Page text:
Resonance of Fate is a traditional RPG title in the Japanese style, and while it follows up on the popular games in the genre for the majority of its gameplay, it also brings some very innovative additions to the genre, with the final result being a varied and intriguing title which holds many hours of entertaining and challenging gameplay. And even though Resonance of Fate initially doesn’t manage to stand out from the rest of the similar titles on the market, those who do try it quickly fall in love.
One of the most interesting aspects of Resonance of Fate is its combat system. It’s a very refreshing experience to go through a battle in this game, and you’ll soon start looking for enemies just so you can enjoy the fights. Basically, you’ll get a combination of real-time and turn-based elements – you’ll have three characters which you can control during the battle, taking turns controlling each one.
During your turn, your character has a set number of action points (similar to games like Fallout), which are used in real time – that is, you can freely move and attack, and you can keep performing actions until your points are drained.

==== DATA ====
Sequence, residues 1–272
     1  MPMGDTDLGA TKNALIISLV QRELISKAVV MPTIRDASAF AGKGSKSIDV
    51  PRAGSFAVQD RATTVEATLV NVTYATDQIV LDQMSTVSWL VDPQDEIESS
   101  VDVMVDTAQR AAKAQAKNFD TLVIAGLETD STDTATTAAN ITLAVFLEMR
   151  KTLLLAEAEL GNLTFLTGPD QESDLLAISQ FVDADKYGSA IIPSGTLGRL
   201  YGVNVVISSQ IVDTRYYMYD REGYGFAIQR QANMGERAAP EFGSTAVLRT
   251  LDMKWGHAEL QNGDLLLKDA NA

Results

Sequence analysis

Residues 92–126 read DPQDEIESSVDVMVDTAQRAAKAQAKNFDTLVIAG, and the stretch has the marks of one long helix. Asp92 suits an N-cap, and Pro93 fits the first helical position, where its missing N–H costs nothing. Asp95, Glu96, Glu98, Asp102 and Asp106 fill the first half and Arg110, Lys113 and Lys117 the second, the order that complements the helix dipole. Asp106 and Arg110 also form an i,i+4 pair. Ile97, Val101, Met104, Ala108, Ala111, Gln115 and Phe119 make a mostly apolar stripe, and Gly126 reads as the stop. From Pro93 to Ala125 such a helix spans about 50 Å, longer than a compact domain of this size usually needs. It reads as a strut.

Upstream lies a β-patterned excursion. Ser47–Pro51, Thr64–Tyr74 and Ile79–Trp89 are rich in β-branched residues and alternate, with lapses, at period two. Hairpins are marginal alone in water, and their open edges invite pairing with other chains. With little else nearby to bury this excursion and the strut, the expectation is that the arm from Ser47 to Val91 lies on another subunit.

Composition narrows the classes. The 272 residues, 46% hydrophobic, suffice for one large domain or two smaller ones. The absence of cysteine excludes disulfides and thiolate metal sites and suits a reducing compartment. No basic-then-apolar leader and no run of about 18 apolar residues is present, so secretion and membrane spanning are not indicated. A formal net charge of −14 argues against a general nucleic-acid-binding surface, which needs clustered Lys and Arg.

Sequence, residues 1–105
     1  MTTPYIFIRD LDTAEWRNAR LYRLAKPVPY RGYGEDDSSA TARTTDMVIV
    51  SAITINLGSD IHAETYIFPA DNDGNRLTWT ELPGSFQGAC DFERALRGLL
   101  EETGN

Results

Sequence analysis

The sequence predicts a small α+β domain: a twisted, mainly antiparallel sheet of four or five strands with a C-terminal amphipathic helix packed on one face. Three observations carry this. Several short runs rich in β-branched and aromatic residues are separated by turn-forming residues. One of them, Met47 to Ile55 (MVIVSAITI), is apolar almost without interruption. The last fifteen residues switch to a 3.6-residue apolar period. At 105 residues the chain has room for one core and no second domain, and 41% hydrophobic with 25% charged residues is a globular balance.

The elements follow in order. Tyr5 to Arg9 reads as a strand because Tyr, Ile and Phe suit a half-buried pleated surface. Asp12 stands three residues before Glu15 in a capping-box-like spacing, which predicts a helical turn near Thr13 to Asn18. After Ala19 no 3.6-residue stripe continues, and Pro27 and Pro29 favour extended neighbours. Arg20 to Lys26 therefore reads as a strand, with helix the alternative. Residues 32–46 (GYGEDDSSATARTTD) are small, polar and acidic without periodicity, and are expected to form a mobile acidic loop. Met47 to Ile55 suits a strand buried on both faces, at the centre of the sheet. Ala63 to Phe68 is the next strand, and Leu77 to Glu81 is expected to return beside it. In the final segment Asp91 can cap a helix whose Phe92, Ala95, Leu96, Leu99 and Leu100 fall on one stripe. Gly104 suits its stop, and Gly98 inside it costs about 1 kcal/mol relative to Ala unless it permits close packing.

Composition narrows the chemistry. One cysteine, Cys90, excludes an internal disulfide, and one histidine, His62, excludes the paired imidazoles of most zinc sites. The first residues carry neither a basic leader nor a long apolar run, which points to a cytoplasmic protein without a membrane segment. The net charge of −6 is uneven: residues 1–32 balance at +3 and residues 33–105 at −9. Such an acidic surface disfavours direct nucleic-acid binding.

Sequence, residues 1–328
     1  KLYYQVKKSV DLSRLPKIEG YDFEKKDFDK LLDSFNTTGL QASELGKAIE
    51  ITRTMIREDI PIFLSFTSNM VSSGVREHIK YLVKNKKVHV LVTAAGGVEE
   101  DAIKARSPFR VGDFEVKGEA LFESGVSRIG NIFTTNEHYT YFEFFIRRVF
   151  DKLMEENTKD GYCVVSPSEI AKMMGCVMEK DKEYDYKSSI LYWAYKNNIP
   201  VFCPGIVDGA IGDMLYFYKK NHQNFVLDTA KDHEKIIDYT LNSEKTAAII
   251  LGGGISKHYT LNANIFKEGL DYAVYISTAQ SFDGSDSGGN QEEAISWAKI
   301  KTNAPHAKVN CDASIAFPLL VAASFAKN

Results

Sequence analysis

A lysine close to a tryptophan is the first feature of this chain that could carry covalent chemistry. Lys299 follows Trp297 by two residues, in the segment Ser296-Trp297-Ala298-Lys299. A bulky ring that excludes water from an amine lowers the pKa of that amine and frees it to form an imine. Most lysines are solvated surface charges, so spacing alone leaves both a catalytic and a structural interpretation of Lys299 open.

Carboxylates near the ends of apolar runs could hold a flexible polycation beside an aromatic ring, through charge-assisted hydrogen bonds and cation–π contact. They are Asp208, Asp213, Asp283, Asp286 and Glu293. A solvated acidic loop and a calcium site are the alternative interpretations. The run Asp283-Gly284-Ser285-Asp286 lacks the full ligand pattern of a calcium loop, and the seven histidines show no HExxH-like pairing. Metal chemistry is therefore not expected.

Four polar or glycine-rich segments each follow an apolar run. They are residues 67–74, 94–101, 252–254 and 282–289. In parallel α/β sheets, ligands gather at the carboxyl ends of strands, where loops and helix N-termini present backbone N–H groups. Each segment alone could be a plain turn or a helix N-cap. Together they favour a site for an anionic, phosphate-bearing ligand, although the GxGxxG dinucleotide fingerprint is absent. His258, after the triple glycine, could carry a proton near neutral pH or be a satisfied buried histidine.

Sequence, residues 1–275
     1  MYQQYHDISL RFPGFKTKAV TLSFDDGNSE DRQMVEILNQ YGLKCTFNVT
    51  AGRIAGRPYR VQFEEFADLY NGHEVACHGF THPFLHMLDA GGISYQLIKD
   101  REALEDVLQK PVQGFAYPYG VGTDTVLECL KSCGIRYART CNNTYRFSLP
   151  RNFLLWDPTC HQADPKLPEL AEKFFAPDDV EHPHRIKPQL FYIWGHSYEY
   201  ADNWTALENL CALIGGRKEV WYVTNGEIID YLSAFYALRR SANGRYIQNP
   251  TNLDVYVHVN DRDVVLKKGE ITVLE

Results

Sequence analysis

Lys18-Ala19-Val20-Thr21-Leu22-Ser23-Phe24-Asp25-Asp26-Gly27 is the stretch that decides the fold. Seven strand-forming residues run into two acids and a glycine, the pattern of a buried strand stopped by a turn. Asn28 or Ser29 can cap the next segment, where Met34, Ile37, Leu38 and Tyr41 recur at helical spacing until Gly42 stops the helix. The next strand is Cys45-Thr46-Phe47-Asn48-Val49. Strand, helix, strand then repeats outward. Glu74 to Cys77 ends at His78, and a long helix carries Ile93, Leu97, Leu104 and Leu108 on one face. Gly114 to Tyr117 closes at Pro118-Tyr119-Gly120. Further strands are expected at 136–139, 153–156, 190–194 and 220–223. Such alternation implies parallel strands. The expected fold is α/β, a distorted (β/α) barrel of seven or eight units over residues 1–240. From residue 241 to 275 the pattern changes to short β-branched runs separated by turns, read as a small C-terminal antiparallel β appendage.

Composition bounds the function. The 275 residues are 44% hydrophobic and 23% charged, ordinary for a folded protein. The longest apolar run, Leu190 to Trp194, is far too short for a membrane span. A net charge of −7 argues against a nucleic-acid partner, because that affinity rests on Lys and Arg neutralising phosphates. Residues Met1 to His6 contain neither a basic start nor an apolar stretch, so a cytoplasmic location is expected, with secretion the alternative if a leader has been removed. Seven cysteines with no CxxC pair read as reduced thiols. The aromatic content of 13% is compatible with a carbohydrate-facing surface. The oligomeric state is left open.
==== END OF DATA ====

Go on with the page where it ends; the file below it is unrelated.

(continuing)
The curious thing here is that enemy characters are allowed to make their moves during your own – and they can even attack your stationary characters, opening up some very interesting tactics. Also, keep in mind that even if you’ve got plenty of action points left, performing any sort of attack will end your turn immediately, so make sure that your attack is the finishing move in your entire set of actions during a character’s turn.
Graphics and System Requirements
Resonance of Fate looks great. Even though it doesn’t utilize either console’s hardware to its fullest, it still offers some very attractive graphics for you to enjoy, especially when it comes to combat effects. However, we should mention that the playing field during combat looks a bit bland and poorly detailed, and the developers could definitely have put more effort into animating the characters (it’s not as bad as some other titles, but some of those moves look really stiff for an engine this powerful).
There weren’t any noticeable slowdowns, and even if you do manage to find conditions which drag the game’s performance down, keep in mind that the gameplay is turn-based and in the end, it doesn’t really matter if you’re a few frames per second behind the optimum.
The game’s English version slightly differs from the one sold in Japan, though rest assured that you’re not missing out on anything important, as the gameplay and story are largely the same. Also, if you’re curious to see some of the concept art that was used in the development of the game, you may want to check out the art book released shortly after it.
A very entertaining game, Resonance of Fate could only use a slight improvement in the variety of its environments in order to become a true masterpiece – though even in its current state it’s still a few levels above your average RPG title.